- Deegan, Alison. "Late Bronze Age, Iron Age and Roman settlements and landscapes" (PDF). english-heritage.org.uk. Retrieved 12 September 2013.
- "3500 BC: First Settlements at Briar Hill". Northamptonshire Timeline. Retrieved 17 July 2013.
- "400 BC: Hillfort Begun at Hunsbury Hill in Northampton". Northamptonshire Timeline. Retrieved 17 July 2013.
- Doyle, Tony. "Roman remains". Paintedpixels.co.uk. Retrieved 29 August 2013.
- Vince, Alan. "An Archaeological Resource Assessment and Research Agenda for the Early and Middle Anglo-Saxon Period (c. 400-850) in the East Midlands" (PDF). le.ac.uk. Retrieved 12 September 2013.
- The Liber Vitae of the New Minster, Winchester, Stowe 944(Fl.964-1030AD)
- William George Searle, Onomasticon Anglo-Saxonicum: A List of Anglo-Saxon Proper Names from the Time of Beda to that of King John (Cambridge University Press, 22 March 2012), page 387
- "Northampton". historyofparliamentonline.org. Retrieved 12 September 2013.
- Andrew, Martin: Northampton The Francis Frith Collection, 2002
- "Northampton – History of Parliament Online". www.historyofparliamentonline.org.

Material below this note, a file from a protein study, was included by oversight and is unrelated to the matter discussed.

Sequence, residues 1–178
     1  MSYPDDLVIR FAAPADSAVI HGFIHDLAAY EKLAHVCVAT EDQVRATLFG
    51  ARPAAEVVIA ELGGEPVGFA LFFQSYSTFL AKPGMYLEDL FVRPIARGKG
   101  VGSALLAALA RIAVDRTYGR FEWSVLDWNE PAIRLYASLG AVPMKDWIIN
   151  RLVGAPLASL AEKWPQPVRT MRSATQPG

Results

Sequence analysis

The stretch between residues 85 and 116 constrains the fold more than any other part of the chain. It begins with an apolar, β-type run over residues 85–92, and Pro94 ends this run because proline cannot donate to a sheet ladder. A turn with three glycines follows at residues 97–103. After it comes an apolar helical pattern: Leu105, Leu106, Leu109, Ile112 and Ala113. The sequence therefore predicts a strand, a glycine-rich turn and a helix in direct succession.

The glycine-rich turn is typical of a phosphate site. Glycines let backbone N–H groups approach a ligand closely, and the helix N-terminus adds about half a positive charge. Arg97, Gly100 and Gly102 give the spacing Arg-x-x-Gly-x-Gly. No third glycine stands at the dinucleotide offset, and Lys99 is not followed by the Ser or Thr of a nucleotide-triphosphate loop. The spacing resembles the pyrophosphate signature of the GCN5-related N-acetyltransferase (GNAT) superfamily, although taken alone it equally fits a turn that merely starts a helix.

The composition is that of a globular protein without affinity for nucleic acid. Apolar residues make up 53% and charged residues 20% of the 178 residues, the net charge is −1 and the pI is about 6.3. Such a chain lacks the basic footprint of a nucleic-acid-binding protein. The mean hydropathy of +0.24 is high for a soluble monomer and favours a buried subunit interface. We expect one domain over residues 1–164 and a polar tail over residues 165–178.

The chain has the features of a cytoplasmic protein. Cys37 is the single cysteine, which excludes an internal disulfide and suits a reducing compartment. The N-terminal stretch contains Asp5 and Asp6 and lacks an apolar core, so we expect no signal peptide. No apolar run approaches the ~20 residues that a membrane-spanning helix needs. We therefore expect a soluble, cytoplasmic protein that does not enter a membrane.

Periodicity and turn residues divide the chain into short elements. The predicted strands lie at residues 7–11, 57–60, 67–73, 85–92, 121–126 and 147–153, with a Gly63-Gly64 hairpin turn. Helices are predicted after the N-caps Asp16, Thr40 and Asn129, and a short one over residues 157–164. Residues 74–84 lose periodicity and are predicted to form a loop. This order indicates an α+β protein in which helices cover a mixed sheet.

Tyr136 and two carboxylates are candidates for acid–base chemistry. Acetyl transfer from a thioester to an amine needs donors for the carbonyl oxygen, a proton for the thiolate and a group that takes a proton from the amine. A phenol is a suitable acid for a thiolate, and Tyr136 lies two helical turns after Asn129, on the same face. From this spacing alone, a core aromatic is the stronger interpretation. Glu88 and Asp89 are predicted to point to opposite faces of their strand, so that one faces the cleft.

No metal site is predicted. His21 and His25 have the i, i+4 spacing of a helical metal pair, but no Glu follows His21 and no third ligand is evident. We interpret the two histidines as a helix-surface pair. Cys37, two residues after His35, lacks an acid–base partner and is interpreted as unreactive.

- "Underground Northampton". Bbc.co.uk. 16 April 2009. Retrieved 29 August 2013.
- "Mayors of Northampton W N Terry Central Art Gallery, Northampton, updated June 2011, accessed 5 October 2012". Google.co.uk. Retrieved 29 August 2013.
- "Jewish Communities and Records". Jewishgen.org. Retrieved 29 August 2013.
- Northampton synagogue discovered under kebab shop Jewish Chronicle – Marcus Dysch – 15 April 2010 TheJC.com
-  Archived 3 June 2015 at the Wayback Machine.
- "The borough of Northampton – Description | A History of the County of Northampton: Volume 3 (pp. 30-40)". British-history.ac.uk. Retrieved 29 August 2013.
- "Timeline | History of the Northampton Market Square | Northampton Borough Council". Northampton.gov.uk. 7 December 2011. Retrieved 29 August 2013.
- "More Information". The Northamptonshire Timeline. Retrieved 29 August 2013.